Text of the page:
An advocate for west Michigan working families through collective action, education and community partnerships.
LANSING July 22, 2015– Michigan AFL-CIO President Ron Bieber wrote a guest column for today’s Detroit News in which he trashed a bill that would lower the state minimum wage for workers under 20.
This new minimum wage legislation, SB 250, is one of several recent Republican-sponsored bills that would actually lower middle class incomes statewide. Another piece of legislation– nicknamed the Death Star bill because of its destructive nature— was recently signed into law by Gov. Rick Snyder, and it takes away the ability of municipal governments to pass wage and benefit ordinances that would benefit local workers.
In Bieber’s guest column, he argues that SB 250 not only reduces income for many in our state’s workforce, it does so through blatant discrimination.
From Bieber’s Detroit News column:
Just last year, Republicans and Democrats in Lansing came together and voted to raise Michigan’s minimum wage to $9.25 by 2018. It was a good start, and while we still need to go further, this rare display of bipartisanship gave a long overdue raise to more than 1 million Michigan workers.
Now some Republicans in Lansing are actually working to undo that progress by cutting the minimum wage for young workers in Michigan.
Senate Bill 250 was introduced this spring by Senator Margaret O’Brien, R-Portage. Her bill would cut the minimum wage by 15 percent for Michigan workers up to age 20.
In the eyes of the law and our society, 18 is the age when a person becomes an adult. Eighteen-year-olds are able to enlist in the Armed Forces, sign legally-binding contracts, and exercise their right to vote on Election Day.
But under this new law, it would be perfectly legal for fast food chains like McDonald’s and big-box retailers like Walmart to pay 18 and 19-year-olds a minimum wage that is 15 percent lower than that of their 20-year-old co-workers. There’s no other way to describe that but pure age discrimination.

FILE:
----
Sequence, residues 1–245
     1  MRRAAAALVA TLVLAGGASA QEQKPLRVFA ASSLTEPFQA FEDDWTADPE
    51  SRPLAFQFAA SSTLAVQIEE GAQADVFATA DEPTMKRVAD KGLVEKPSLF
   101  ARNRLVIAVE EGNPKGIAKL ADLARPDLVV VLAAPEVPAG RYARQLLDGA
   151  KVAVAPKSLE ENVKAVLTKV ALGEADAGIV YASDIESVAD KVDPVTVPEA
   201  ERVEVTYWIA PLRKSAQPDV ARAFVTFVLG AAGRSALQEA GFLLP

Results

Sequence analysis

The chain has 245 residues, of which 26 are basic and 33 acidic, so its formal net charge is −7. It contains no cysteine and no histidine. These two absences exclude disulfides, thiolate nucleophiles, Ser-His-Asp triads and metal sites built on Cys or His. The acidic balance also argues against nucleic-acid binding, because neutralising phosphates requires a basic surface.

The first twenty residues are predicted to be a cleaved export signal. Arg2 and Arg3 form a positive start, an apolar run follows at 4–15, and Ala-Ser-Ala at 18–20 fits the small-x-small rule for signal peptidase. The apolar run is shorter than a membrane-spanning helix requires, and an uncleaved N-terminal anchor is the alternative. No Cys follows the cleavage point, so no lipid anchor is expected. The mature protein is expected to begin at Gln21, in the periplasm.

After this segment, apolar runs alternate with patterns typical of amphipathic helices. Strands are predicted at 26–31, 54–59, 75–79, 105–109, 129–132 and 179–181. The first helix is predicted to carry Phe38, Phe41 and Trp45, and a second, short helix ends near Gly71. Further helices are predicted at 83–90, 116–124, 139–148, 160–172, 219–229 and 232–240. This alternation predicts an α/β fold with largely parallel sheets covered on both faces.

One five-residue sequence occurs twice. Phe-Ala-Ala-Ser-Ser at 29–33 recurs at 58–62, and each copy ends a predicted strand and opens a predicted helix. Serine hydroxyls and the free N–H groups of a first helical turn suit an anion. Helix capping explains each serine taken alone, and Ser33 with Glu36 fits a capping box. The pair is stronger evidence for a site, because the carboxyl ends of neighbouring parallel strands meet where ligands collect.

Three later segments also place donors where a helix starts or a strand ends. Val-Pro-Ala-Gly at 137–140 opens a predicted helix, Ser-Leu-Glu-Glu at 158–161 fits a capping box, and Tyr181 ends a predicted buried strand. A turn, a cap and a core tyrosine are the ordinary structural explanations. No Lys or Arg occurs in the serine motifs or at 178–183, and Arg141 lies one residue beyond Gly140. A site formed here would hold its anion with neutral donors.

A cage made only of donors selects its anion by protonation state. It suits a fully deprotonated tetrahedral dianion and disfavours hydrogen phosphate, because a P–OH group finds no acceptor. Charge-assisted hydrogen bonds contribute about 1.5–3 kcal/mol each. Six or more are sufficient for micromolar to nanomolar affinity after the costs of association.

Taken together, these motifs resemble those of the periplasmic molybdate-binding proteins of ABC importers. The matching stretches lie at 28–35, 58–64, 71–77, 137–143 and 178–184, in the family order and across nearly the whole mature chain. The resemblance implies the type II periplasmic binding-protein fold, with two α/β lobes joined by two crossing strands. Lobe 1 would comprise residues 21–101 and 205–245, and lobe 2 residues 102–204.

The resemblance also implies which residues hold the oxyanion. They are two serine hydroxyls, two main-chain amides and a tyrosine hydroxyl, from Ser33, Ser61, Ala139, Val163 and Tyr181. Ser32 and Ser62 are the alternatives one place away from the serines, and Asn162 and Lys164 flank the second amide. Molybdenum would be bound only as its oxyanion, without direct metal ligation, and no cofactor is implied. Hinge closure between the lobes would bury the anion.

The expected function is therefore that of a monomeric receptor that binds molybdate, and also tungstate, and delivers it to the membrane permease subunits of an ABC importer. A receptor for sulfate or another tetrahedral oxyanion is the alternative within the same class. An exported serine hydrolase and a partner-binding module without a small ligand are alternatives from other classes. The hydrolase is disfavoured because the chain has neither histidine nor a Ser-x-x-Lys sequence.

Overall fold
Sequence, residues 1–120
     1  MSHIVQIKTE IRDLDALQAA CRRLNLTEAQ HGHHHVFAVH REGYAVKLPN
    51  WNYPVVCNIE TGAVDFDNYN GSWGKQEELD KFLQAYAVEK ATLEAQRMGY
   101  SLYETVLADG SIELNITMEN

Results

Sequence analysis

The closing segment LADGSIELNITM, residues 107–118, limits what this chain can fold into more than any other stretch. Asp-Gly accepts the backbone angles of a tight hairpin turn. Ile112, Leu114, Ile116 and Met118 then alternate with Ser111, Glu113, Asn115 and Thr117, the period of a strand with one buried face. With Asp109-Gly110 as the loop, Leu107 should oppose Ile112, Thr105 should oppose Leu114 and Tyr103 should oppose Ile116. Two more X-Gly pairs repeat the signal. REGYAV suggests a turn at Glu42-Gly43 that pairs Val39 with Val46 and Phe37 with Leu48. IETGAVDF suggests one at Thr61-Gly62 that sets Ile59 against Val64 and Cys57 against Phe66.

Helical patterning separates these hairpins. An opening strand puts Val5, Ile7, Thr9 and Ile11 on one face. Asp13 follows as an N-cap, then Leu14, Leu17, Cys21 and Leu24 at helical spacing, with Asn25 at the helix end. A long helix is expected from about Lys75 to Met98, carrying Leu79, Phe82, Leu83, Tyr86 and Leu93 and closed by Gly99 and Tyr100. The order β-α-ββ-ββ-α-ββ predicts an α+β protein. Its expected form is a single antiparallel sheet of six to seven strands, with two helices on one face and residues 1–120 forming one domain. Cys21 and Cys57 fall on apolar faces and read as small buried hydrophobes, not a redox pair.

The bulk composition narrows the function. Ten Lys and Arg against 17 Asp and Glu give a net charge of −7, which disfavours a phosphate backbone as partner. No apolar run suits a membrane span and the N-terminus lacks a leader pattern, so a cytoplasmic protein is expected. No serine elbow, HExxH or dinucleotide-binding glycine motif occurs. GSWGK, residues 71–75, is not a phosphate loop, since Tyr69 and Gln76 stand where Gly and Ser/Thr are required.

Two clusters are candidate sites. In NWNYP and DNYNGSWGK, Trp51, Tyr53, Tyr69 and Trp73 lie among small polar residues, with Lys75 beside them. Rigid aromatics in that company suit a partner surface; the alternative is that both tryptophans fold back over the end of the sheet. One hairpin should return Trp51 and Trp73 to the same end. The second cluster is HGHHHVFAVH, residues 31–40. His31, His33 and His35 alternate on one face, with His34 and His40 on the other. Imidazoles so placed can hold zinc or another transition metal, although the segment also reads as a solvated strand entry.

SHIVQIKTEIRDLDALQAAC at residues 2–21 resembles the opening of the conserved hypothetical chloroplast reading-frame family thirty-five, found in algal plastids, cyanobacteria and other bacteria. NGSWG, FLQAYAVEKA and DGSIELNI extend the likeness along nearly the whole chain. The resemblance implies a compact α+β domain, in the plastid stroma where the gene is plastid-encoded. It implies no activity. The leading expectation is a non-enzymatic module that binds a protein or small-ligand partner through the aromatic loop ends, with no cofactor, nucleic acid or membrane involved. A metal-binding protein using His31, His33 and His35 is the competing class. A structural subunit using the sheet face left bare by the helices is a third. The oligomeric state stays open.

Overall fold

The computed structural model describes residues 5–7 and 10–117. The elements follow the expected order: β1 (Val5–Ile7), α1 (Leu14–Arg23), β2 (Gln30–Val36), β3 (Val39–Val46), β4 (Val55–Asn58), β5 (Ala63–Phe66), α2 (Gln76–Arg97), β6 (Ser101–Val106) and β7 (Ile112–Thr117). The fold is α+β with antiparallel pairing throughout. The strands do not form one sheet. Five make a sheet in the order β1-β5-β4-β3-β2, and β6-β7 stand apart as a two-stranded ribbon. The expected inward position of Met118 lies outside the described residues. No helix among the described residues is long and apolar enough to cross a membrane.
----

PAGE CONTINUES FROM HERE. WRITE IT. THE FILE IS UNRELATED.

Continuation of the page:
Nearly five decades ago, our nation took action to end racial and age discrimination at the ballot box by passing the Voting Rights Act, and by ratifying the 26th Amendment to lower the voting age to 18 in all federal, state, and local elections. These crucial changes helped address fundamental injustices in our country, and empowered young adults to make their voices heard in voting booths at a time when 18-year-olds were being drafted out of high school to serve in Vietnam.
Why, then, would Michigan take a step backwards by passing a law that tells young workers they have the right to buy a house, the right to die in combat, and the right to vote – but not the right to earn a fair paycheck for a hard day’s work?
Instead of working to end discrimination in our state, SB 250 would codify workplace age discrimination into law. That’s just plain wrong.
The bill’s sponsor, Senator O’Brien, should know better. She was elected last year by a razor-thin margin of 61 votes in a district that includes the campus of Western Michigan University. Roughly 8,200 freshmen and sophomores are expected to enroll at Western this fall, and O’Brien’s bill would mean a pay cut for those who will be working minimum wage jobs at coffee shops, bookstores, and clothing retailers.
Taking money out of students’ pockets – especially when they’re already struggling to afford the skyrocketing cost of tuition – isn’t just unfair, it’s bad for our economy. It means students will have less to spend on books, food, housing, and transportation, which hurts small businesses.
The right to vote and the right to a decent paycheck should be sacred in America. We should be working to strengthen both, and we can start by expanding early and absentee voting, and by increasing the minimum wage to a truly livable wage.
But we simply can’t afford to go backwards by cutting the minimum wage for workers of any age. If Lansing politicians don’t support young workers’ rights to earn a fair paycheck, then young voters should exercise their right to vote those politicians out of office.